But at some point, discipline has to kick in.  To be good at physics, for example, requires a deep, deep knowledge of math.  It means hours and hours and hours of stultifying work learning to solve various forms of partial differential equations (just to choose one example near and dear to my heart).  Or, to choose another discipline, I just don't think that memorizing isomers in organic chemistry is ever going to be magical.   I believe this happy feel-good approach to science is in fact part of the problem.  Kids may get to age 13 thinking black holes are cool, but they are utterly unprepared for the work it is going to take to go to the next level of understanding.   I think this is in some sense why so many hard science PHD's are foreign -- their culture and early education is preparing them better for the hard stuff that requires discipline to master.

On Obama: The panel members all agreed that the change in US administrations meant an enormous turnaround in the future of science in the US.    Really?  I understand the problems with the Bush administration, but does anyone really think that the quality and quantity of scientific endeavor in its full scope across the country is going to measurably change because Obama has several Nobel laureates among his advisers?   It's like saying the Earth's rotation is going to measurably change if we all jump up and down at the same time.   How can people who analyze complex systems for a living throw out everything they know about such analysis when then look at the government and the economy?

On Economics: I swear one of the panel participants got up last night and said that the US economy is tanking because we have failed to make investments in science, while other countries who have made such investments are doing well.  That one sentence, from someone who is nominally a scientist, has four unsupported, and I think unsupportable, statements in one sentence:  1.  That the US has somehow refrained from investing in science, against some unidentified benchmark (the past?  the Platonic ideal?); 2.  That current economic problems stem from this lack of investment, rather than, say from the housing bubble and poor banking decisions; 3.  That other countries have made more investments in science than the US; and 4.  That these countries are prospering while our economy is in the tank (who??).  And everyone nodded their head at this.  No one challenged this.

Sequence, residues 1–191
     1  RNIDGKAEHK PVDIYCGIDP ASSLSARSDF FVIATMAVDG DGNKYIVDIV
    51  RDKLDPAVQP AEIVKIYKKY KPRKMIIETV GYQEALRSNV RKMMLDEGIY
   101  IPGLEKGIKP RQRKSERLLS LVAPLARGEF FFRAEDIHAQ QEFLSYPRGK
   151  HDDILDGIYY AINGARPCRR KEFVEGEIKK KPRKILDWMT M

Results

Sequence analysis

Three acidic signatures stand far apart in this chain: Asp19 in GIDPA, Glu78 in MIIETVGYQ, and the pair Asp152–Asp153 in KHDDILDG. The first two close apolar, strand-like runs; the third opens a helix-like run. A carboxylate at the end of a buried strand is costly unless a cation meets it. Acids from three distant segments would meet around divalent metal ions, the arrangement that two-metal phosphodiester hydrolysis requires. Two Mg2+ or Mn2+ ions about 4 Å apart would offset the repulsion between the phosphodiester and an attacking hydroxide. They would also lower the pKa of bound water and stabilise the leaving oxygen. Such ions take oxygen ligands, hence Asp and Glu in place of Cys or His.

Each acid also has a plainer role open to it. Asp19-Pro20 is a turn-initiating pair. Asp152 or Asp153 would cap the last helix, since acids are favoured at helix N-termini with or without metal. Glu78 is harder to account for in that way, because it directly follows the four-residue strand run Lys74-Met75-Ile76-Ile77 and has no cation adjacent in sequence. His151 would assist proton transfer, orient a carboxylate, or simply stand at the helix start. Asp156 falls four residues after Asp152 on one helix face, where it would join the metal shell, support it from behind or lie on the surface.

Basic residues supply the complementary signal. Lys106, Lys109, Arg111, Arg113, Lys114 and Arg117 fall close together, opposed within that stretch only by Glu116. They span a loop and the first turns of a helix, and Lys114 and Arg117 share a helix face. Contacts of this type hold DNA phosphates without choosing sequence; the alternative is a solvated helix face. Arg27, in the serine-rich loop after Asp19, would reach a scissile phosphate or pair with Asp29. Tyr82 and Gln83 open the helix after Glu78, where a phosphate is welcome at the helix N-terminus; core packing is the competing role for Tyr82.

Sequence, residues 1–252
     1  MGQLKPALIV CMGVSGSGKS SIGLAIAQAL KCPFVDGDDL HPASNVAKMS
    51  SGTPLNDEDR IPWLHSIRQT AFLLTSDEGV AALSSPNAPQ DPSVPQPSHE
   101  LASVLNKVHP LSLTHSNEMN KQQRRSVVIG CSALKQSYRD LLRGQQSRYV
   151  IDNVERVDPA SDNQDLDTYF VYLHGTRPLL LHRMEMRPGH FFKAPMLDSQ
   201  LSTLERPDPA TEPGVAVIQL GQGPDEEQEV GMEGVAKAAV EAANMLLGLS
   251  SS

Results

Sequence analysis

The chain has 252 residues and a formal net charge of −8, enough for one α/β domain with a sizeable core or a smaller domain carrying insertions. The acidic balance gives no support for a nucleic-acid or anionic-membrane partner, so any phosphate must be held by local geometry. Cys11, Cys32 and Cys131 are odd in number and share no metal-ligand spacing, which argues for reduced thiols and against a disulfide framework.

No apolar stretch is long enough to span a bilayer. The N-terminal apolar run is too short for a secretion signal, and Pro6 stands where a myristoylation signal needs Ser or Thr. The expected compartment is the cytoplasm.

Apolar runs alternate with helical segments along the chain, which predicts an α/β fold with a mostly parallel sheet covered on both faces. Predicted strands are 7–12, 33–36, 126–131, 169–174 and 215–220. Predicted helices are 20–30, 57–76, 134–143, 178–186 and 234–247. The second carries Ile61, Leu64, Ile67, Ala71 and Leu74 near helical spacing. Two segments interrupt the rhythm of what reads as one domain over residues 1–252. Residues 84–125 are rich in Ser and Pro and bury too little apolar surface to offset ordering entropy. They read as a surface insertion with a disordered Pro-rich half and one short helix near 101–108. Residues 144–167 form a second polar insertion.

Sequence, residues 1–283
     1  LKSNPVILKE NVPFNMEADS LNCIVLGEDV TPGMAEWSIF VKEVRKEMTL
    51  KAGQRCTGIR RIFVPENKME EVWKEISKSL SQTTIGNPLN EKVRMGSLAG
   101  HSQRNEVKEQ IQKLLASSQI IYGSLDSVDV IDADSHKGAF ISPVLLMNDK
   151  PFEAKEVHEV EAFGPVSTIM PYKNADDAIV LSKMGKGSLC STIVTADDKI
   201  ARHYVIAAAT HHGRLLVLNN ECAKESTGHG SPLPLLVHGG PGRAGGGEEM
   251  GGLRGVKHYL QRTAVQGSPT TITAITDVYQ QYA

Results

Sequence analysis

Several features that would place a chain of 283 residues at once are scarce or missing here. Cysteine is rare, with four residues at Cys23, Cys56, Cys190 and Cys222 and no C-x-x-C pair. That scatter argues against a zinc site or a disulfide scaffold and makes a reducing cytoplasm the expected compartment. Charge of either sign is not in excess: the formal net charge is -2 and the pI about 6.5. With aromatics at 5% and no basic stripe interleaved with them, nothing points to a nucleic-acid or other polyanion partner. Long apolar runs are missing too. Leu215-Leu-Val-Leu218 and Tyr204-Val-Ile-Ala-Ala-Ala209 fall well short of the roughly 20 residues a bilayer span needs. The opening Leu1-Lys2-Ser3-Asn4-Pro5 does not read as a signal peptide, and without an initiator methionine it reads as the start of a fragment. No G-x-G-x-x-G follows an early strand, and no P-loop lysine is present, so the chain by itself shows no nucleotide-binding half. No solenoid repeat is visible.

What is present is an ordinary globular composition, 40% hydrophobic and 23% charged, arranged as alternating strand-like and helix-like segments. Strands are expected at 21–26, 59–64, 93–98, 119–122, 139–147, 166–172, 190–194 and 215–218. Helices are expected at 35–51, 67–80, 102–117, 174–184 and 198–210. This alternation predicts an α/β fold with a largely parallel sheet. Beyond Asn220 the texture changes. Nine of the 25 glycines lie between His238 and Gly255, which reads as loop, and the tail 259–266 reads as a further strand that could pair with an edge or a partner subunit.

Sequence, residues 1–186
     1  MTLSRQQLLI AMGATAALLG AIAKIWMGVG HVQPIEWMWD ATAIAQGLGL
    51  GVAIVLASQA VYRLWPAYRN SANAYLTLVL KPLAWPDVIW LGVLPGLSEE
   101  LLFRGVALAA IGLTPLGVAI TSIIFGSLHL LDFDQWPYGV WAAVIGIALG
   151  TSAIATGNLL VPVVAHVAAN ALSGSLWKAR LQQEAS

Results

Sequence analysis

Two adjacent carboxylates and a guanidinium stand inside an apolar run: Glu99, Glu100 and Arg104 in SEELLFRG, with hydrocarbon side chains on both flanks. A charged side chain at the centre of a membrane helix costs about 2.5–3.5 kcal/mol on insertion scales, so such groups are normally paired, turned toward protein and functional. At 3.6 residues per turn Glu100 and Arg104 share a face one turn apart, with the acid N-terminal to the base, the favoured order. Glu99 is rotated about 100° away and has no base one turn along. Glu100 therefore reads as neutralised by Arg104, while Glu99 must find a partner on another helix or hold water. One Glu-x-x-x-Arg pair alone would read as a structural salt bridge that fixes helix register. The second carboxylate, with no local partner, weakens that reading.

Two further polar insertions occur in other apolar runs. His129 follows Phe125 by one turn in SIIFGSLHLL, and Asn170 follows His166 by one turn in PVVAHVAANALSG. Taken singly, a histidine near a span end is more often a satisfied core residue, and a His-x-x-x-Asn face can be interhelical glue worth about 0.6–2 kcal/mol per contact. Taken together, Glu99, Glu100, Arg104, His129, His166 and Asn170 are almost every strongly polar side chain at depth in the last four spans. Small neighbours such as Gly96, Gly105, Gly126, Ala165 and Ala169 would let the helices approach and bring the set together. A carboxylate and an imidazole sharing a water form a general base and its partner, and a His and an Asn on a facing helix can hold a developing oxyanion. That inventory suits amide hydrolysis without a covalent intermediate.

On the Politicization of Science: The panel lamented the politicization of science, which they say is a phenomenon that has arisen solely over the last 10 years.  Ignoring this perversion of history, I was amazed at their solution.  For example, one member lamented the pushback in teaching of evolution in certain public schools.  Her solution, however, was for scientists to get even more political, ie to fight fire with fire.  That seems to miss the point.  I would have thought a better solution was to merely eliminate the politicization.  For example, taking government out of the business of setting curricula, e.g. by allowing school choice, would eliminate the role of government in choosing sides in science teaching issues altogether.  Why escalate the problem when we can eliminate it?

On the Profit Motive: The hostility to the profit motive was astonishing.  One guy on the panel had the temerity to mention that maybe changes in scientific output were driven by changing expectations of making money from such investment.  We then had to endure a 5-minute interlude where each member jumped in to assure the world that neither they or anyone they knew or anyone with any real credibility were driven by anything but a pure and idealistic desire to understand the universe.